Le concept de villes intelligentes gagne de plus en plus en importance dans les métropoles modernes en raison de l’émergence et de la diffusion d’appareils, de systèmes et de technologies intelligents embarqués et connectés dans la vie quotidienne, qui ont créé l’opportunité de connecter chaque “chose" à Internet. Dans l'ère à venir de l'Internet des objets, l'Internet des véhicules (IoV) jouera un rôle crucial dans la construction d'une ville intelligente. En fait, l'IoV a le potentiel de résoudre efficacement divers problèmes de trafic. Il est essentiel pour améliorer l'utilisation des routes, réduire la consommation d'énergie et la pollution et améliorer la sécurité routière. Néanmoins, le principal problème concernant l'IoV, et en particulier le Véhicule-à-Véhicule (V2V) et le Véhicule-à-infrastructure (V2I), est l'établissement de paiements et de communications sécurisés et instantanés. Pour répondre à ce défi, ce travail propose une solution basée sur la Blockchain pour mettre en place un paiement et une communication sécurisés afin d'étudier l'utilisation de la Blockchain comme middleware entre différents acteurs des systèmes de transport intelligents.Dans cette étude, nous avons évalué les propriétés les plus importantes de la solution développée, à savoir la consommation de la mémoire et de l’énergie, l’immutabilité, la confidentialité, la cohérence, l’intégrité, le temps d’exécution et le coût. L’objet de cette évaluation est de vérifier la capacité de la plateforme basée sur la Blockchain à assurer une communication efficace et un paiement sécurisé avec l’IoV. Selon les résultats, cette plateforme peut contribuer à résoudre les défis les plus critiques de la communication véhicule-à-tout (V2X) en améliorant la sécurité et l’évolutivité.
... Integrating EV charging into new energy systems also creates problems for which technical solutions are suggested. For example, Gorenfo et al. (2019) discuss how energy can be traded within new centralised energy systems, involving distributed generation, EVs and storage technology. However, they identify issues relating to trust between property owners and the charging service provider and between customers and the charging service provider. ...
... Integrating EV charging into new energy systems also creates problems for which technical solutions are suggested. For example, Gorenfo et al. (2019) discuss how energy can be traded within new centralised energy systems, involving distributed generation, EVs and storage technology. However, they identify issues relating to trust between property owners and the charging service provider and between customers and the charging service provider. ...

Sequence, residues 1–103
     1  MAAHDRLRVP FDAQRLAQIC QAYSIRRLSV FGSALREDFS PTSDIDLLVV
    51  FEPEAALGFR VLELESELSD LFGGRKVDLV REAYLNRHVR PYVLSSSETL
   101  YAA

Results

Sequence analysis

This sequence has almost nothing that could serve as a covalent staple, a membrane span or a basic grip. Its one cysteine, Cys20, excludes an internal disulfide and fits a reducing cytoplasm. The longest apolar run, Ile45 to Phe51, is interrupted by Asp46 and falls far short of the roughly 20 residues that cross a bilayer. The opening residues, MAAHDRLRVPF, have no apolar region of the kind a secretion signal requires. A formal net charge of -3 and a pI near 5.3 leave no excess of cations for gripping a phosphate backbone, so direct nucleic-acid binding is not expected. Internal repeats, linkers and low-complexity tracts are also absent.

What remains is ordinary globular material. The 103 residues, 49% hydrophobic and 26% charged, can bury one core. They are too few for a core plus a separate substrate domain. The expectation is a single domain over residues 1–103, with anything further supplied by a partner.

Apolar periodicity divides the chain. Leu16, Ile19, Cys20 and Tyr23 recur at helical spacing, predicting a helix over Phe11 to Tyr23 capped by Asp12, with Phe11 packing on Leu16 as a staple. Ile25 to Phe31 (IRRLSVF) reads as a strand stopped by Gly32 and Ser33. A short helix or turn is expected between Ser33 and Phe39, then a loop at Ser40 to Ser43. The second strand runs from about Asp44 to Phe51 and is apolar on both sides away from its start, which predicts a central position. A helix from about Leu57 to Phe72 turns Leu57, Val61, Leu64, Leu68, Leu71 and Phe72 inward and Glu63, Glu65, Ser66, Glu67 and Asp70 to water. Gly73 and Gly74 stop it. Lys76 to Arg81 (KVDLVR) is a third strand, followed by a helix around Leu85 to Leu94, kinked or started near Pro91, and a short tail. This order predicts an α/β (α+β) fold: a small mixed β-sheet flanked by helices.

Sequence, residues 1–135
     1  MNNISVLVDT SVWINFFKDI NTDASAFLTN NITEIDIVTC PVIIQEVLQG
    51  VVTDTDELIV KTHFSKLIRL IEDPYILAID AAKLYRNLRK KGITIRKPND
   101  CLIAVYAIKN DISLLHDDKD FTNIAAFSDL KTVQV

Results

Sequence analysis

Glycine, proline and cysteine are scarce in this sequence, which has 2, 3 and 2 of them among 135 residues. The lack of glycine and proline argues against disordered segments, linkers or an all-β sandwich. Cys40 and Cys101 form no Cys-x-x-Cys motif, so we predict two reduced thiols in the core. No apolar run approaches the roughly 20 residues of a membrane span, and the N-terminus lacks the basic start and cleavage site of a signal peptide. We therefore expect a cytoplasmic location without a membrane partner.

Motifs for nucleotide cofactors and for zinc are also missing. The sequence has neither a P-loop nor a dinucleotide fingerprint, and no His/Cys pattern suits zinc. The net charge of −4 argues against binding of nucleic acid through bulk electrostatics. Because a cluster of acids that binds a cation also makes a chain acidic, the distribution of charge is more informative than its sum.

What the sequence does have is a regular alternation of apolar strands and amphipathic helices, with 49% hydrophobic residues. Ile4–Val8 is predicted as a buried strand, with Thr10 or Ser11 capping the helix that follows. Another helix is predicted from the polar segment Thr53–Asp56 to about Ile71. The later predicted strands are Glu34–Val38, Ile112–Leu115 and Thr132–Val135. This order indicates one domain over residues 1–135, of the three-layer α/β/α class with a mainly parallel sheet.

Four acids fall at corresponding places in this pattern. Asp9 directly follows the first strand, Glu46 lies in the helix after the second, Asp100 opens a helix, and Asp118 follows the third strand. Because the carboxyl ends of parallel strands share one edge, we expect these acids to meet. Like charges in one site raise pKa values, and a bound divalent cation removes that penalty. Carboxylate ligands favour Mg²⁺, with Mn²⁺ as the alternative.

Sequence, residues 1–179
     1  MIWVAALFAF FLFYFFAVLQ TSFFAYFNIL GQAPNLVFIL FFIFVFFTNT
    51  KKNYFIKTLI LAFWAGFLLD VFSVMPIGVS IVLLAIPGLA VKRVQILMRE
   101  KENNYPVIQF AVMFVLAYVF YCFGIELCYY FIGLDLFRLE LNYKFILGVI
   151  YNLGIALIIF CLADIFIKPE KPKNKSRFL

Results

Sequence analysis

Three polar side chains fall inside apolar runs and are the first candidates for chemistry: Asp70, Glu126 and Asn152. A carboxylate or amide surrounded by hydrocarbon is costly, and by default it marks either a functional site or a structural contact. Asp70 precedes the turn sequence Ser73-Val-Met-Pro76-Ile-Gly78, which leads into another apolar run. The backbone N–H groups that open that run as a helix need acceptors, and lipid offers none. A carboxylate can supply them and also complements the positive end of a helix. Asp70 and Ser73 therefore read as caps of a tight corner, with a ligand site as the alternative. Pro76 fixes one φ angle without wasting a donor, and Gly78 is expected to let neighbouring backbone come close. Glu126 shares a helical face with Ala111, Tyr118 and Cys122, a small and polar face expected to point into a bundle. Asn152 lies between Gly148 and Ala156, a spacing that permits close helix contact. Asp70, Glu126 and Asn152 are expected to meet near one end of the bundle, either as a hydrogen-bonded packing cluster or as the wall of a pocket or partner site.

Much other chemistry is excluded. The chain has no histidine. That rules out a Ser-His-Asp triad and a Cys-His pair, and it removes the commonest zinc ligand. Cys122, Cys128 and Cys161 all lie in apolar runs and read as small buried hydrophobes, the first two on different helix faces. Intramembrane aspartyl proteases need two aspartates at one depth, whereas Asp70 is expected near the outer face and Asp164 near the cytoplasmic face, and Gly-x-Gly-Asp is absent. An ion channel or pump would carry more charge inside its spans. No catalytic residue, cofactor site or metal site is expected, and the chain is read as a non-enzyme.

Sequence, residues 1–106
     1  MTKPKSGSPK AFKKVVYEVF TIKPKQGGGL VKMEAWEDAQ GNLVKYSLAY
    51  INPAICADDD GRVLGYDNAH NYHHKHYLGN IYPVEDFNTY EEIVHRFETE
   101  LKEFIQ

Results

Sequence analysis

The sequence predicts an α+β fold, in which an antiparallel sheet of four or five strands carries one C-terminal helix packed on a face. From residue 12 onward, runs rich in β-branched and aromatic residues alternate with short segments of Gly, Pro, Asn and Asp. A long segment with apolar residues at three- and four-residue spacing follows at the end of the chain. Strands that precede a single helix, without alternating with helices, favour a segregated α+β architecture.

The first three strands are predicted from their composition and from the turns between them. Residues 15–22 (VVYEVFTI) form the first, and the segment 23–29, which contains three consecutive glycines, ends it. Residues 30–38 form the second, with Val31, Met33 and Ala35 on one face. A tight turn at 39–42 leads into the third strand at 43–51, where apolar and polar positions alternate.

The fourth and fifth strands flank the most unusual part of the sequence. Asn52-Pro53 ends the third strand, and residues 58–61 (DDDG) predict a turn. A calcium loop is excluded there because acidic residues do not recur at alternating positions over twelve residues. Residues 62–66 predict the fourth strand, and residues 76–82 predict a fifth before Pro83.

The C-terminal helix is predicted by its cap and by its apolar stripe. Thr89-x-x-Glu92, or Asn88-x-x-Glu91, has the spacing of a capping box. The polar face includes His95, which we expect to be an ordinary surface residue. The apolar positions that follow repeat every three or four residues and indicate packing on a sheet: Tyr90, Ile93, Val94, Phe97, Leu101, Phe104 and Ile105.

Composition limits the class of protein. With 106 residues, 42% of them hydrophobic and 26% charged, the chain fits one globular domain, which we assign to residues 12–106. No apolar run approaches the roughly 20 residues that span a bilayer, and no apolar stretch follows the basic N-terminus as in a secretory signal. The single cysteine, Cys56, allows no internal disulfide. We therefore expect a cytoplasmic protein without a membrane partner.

... Integrating EV charging into new energy systems also creates problems for which technical solutions are suggested. For example, Gorenfo et al. (2019) discuss how energy can be traded within new centralised energy systems, involving distributed generation, EVs and storage technology. However, they identify issues relating to trust between property owners and the charging service provider and between customers and the charging service provider. ...
Chapter
Charging infrastructure is a key factor in successful electric vehicle adoption. Charging stations are still a fragmented market in terms of ownership, lack of standards, and charging protocols. The increasing decentralised grid has made energy and communication flow bi-directional. Challenges arise in maintaining the increasing decentralised structure, security, and privacy of the network. Blockchain facilitates the interconnectedness of such a distributed and decentralised network. Blockchain's versatility lies in its transparent and immutable decentralized architecture that enables direct transactions between users without the need of a middleman. It provides powerful safeguards against cyberattacks with its advanced cryptography enabling privacy-preserving authentication. This chapter presents a comprehensive review on the application of blockchain technology in EV charging infrastructure such as facilitating the peer-to-peer energy exchange, increased security and privacy, immutable transactions, and mitigating trust issues among the participants in the charging infrastructure.
Article
With the development of the Energy Internet and the support of the subsidy policies of various countries, Electric Vehicles(EVs) have ushered in a golden development period. However, the development of EVs needs to solve the problems of insufficient charging piles(CPs) and difficulty in finding CPs. In order to solve the problem of difficult charging of EVs, the concept of shared charging came into being, in which idle CPs or private CPs are shared to meet the charging needs of more people and improve the utilization rate of CPs. However, the shared charging scheme implemented by third-party platforms faces the issue of trust lacking. This paper proposes a blockchain architecture for shared charging, which can use the blockchain to build a trust environment involving private pile owners, charging pile(CP) operators, Electric Vehicle(EV) users, etc.. The blockchain architecture also contains the block structure where pointer was added for quick search, contract content that can automatically execute multi-party contracts to achieve secure computing and reputation-based incentive mechanism to provide high-quality charging services in detail. This architecture establishes the multi-party trust environment for shared charging from three aspects: secure storage, secure computing, and secure incentives.